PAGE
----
When Daniel Briere signed with the Montreal Canadiens, I’ll admit I was pretty excited. Being a smaller guy myself, I always looked up to Briere growing up as he’s proved that you don’t need to be over six feet tall to be an NHL superstar.
My opinion wasn’t a popular one though. When Briere signed a two year contract for $8 million, many fans felt as if GM Marc Bergevin was only signing Briere as a consolation for missing out on another francophone free agent, Vincent Lecavalier. Although Briere’s had a bit of a bumpy ride during his first year with the Canadiens, I believe that bringing him was a good move on Bergevin’s part.
What’s Causing Daniel Briere’s Inconsistency
Coming off of the worst season in his career, Daniel Briere had something to prove coming out of the gate for the 2013-14 regular season. Unfortunately for Briere’s sake, things didn’t go according to plan. He put up 3 points in his first 8 games with the Habs, which isn’t bad, but then he went on to miss a month of action with a concussion.
Since then, it’s been a bit of a roller coaster ride for him. He’s had stretches where he’s looked outstanding (he had 4 points in 5 games upon returning from his concussion, and also had 4 points in the 2 games following the Olympic break), and he’s had others where he’s looked atrocious (he had 1 point throughout the entire month of December).
So why exactly has Briere been so streaky this season? There are a couple of reasons for this:
1. Lack of Ice Time
At 36 years old, Daniel Briere is no longer the elite point producer he was earlier in his career. However, he’s still shown flashes of the unbelievable scoring touch he had in his younger days when given a chance to take a regular shift this season. The problem for Briere is that he hasn’t been given proper ice time. Averaging 12:46 of ice per game, Briere’s minutes are the lowest they’ve been since the 2000-01 season when he was playing in Phoenix. His numbers have dropped nearly three and a half minutes since last season, for no obvious reason other than the fact that he’s older. Other than his early season concussion that I mentioned earlier, he hasn’t been injured this year, so it’s hard to understand why head coach Michel Therrien hasn’t been playing Briere more. When you consider that a player of similar size and talent, Brian Gionta, is averaging 17:51 a night, over 5 minutes more than Briere, it’s certainly puzzling.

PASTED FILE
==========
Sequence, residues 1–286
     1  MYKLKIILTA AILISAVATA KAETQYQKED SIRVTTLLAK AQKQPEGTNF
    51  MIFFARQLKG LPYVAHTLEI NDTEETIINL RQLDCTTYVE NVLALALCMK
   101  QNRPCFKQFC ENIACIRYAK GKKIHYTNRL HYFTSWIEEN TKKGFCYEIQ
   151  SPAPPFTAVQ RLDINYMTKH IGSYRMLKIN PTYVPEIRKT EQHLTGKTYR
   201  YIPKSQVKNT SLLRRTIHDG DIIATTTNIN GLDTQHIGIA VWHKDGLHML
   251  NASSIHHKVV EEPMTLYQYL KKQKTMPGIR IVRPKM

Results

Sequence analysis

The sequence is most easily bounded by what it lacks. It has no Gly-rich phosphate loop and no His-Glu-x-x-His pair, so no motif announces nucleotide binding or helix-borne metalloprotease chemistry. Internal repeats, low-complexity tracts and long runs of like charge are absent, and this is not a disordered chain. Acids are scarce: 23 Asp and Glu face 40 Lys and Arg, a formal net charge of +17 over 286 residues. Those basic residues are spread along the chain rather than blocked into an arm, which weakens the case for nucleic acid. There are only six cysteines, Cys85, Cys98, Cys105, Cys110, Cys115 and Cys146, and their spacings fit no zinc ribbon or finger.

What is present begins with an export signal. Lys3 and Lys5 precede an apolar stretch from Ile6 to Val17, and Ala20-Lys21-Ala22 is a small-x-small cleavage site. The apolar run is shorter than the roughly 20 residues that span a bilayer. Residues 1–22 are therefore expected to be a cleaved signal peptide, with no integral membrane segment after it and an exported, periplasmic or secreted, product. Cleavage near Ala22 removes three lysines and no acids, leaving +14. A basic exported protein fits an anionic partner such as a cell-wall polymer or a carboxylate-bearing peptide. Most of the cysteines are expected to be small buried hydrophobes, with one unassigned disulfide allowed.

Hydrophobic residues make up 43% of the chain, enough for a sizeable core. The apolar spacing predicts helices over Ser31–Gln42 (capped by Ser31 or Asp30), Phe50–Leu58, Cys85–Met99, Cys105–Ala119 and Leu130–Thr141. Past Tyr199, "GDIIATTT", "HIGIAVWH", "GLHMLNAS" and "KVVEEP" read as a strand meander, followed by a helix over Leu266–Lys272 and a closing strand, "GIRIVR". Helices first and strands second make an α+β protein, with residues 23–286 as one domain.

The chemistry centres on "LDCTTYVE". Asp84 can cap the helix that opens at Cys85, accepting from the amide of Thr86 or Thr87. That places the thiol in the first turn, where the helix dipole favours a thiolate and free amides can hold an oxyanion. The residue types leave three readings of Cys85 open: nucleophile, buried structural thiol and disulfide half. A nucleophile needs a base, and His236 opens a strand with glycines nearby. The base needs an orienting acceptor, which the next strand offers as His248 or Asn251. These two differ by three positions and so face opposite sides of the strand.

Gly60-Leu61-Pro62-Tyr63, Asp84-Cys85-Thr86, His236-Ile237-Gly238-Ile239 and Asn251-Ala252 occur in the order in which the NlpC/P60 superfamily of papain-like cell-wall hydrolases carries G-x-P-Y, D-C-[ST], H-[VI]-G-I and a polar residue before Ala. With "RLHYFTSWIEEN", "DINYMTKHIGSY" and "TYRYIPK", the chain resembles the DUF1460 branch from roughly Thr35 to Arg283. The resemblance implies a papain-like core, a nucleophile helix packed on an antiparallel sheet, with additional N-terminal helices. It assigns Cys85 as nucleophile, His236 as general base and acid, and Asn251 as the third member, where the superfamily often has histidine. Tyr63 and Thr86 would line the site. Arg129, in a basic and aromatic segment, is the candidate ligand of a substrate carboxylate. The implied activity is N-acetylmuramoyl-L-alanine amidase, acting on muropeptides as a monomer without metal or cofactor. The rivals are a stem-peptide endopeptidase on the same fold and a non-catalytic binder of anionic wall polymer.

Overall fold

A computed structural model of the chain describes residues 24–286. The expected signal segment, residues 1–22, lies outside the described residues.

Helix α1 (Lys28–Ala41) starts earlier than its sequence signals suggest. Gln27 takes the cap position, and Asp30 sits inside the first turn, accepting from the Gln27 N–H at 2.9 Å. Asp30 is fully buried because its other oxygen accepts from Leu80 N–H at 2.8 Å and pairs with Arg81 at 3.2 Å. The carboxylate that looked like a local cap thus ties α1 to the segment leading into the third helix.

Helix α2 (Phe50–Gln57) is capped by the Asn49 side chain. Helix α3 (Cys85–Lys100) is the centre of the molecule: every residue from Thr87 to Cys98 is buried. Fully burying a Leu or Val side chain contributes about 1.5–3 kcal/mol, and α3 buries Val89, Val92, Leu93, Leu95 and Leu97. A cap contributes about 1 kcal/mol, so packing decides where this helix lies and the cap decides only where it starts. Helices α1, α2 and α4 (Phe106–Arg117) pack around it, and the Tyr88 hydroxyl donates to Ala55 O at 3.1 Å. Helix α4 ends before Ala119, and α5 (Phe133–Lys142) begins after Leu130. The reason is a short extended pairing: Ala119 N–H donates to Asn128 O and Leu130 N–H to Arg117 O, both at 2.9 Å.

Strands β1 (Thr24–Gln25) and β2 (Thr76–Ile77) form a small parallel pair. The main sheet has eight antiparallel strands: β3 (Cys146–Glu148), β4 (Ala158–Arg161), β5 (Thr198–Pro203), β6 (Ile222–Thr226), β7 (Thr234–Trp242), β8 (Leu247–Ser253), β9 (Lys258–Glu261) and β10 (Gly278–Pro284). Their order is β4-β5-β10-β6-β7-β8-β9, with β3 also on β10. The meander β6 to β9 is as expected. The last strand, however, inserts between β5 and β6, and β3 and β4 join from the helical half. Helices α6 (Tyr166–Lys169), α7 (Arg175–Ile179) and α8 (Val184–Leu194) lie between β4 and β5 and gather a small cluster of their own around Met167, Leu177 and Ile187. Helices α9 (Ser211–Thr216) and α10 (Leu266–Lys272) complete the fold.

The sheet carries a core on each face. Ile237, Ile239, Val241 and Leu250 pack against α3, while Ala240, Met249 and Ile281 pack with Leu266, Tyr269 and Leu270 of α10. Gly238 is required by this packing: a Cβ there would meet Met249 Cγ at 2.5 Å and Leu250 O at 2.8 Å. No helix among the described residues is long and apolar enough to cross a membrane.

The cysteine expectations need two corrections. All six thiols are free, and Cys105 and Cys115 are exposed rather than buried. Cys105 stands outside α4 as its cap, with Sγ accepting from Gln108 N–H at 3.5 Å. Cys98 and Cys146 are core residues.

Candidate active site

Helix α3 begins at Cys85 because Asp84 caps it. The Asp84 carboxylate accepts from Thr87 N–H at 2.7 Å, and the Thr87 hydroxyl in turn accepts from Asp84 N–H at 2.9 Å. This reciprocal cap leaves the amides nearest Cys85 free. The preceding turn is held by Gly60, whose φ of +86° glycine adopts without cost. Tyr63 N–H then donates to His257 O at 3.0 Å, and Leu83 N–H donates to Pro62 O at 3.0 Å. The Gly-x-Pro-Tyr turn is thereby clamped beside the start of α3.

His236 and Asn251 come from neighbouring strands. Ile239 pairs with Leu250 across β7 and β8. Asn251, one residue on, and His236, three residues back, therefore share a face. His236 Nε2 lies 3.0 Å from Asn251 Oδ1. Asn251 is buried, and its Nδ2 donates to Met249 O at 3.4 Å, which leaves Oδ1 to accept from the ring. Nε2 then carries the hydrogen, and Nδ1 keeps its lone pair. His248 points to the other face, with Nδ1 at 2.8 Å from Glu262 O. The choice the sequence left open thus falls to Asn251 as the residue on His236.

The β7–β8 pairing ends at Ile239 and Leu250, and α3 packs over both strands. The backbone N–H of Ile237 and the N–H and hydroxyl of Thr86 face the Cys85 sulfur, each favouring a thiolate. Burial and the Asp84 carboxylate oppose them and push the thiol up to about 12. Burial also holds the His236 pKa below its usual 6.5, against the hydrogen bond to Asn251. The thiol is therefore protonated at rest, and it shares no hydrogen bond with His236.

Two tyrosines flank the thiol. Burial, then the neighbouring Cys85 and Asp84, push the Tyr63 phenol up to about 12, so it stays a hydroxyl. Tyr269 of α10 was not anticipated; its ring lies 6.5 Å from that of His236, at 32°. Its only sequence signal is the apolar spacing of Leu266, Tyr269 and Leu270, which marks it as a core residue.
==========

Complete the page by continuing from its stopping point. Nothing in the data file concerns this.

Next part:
2. Line Juggling
Throughout this season, Briere has never really had a chance to establish himself with a set line combination. He has played all over the place, at times playing on the first line, alongside Max Pacioretty and David Desharnais, as well as the fourth line with Michael Bournival and Travis Moen. He’s also played a centre at times, as well as the wing, without finding a permanent forward position. Previously in his career, Briere has found his best success when playing centre with one line for the majority of the season. Most recently this was seen in the 2009-10 and 2010-11 seasons while Briere played in Philadelphia. Briere played nearly every minute of those two seasons playing centre in between Ville Leino and Scott Hartnell, where he was outstanding scoring 160 points in 186 games (if you include the playoffs). If Briere could just find a permanent spot at centre in the Canadiens’ lineup alongside two wingers whom he could build chemistry with long-term, his numbers would surely go up.
Where He’ll Turn it Around: The Playoffs
When you type in “Daniel Briere Clutch” on Google, over 476,000 results pop up and for good reason. If you had to ask around the league as to who the most clutch playoff performer has been over the past decade, Briere would almost always be in the conversation. A look back at Briere’s career playoff stats supports this notion, as he has posted 109 points in 108 career playoff games. This puts him at just over a point per game during the playoffs, up from his career regular season totals of 0.75 points per game.